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Foxes Unearthed: A Story of Love and Loathing in Modern Britain

3.95  ·  Rating details ·  334 ratings  ·  63 reviews
As one of the largest predators left in Britain, the fox is captivating: a comfortably familiar figure in our country landscapes; an intriguing flash of bright-eyed wildness in our towns.

Yet no other animal attracts such controversy, has provoked more column inches or been so ambiguously woven into our culture over centuries, perceived variously as a beautiful animal, a cu
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Hardcover, 288 pages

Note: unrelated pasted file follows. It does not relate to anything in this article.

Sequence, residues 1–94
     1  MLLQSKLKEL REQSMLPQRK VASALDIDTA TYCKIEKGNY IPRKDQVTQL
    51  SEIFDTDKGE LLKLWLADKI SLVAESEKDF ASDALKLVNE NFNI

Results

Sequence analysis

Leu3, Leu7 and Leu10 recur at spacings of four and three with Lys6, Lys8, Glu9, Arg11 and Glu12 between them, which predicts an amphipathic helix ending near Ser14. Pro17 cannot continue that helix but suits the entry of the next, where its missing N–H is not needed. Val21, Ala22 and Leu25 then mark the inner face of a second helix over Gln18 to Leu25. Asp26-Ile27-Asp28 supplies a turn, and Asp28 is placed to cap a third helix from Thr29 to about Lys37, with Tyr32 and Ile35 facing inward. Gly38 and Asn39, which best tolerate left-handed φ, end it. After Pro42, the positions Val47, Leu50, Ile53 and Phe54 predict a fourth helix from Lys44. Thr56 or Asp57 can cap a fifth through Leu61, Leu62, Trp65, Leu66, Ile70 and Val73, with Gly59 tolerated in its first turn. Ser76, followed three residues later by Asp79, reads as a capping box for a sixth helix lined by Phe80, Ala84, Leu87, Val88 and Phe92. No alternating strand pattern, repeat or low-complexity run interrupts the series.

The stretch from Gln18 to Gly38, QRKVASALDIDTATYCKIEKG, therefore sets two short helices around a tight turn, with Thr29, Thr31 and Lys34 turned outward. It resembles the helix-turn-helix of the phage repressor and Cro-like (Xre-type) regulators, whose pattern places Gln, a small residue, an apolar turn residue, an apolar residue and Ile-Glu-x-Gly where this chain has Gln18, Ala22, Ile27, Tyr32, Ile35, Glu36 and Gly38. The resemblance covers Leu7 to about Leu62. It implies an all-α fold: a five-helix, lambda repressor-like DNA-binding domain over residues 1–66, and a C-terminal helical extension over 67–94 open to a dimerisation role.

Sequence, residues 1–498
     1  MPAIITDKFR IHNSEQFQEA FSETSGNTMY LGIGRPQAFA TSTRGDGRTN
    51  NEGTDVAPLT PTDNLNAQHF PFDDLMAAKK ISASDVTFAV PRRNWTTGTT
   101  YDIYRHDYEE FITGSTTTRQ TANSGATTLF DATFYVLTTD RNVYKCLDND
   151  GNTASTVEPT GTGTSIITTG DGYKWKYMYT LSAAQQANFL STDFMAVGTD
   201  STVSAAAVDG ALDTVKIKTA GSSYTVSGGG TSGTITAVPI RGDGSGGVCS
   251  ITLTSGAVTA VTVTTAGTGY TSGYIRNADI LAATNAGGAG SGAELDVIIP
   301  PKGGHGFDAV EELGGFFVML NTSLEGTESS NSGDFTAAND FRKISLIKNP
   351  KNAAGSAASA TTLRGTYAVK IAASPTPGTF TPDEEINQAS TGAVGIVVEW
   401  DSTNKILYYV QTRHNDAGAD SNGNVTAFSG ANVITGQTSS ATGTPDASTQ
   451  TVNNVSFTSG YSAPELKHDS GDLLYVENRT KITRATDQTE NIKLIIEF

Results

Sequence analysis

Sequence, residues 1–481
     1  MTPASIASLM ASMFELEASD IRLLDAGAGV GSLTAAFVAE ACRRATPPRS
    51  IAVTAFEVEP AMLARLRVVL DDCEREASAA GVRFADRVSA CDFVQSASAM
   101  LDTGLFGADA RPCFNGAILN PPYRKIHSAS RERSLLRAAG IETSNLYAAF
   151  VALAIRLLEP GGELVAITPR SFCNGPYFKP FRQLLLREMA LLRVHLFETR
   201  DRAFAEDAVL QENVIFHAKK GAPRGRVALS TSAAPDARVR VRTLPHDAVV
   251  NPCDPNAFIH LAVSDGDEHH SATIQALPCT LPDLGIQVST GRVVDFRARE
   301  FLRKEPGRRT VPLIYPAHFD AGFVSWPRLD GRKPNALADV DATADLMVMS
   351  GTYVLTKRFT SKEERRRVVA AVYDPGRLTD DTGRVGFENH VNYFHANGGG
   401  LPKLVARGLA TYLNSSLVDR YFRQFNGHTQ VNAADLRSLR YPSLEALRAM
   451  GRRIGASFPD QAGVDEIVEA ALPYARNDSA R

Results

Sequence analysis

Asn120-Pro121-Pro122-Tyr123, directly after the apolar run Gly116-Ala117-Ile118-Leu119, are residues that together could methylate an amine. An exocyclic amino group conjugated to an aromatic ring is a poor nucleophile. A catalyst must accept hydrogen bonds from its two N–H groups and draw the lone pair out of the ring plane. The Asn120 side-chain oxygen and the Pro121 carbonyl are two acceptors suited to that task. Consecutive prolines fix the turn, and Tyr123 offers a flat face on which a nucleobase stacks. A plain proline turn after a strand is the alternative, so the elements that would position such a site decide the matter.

Published May 19th 2016 by Elliott Thompson
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Paul
I am not sure just how many foxes there are where I am living, but I see them darting across the roads at night, caught by the headlights of the car. There was even one brazen fox walking up the middle of the road at midnight once. These fleeting glimpses of our largest predator left in the UK are for me quite special, but for others, this animal is considered a nasty pest and is something to be vilified.

In this interesting account of our tempestuous relationship with the fox. Consider and cunn
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Jane
Mar 15, 2017 rated it really liked it  ·  review of another edition
This book spun into my consciousness towards the end of last year, when I was captivated by an extract in one of those lovely anthologies from the Wildlife Trust.